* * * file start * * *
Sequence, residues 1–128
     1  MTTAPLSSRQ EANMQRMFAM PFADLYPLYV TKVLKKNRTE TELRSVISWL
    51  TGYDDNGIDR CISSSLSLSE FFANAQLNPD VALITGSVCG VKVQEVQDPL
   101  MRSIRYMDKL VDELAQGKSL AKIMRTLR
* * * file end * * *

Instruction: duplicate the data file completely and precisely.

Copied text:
Sequence, residues 1–128
     1  MTTAPLSSRQ EANMQRMFAM PFADLYPLYV TKVLKKNRTE TELRSVISWL
    51  TGYDDNGIDR CISSSLSLSE FFANAQLNPD VALITGSVCG VKVQEVQDPL
   101  MRSIRYMDKL VDELAQGKSL AKIMRTLR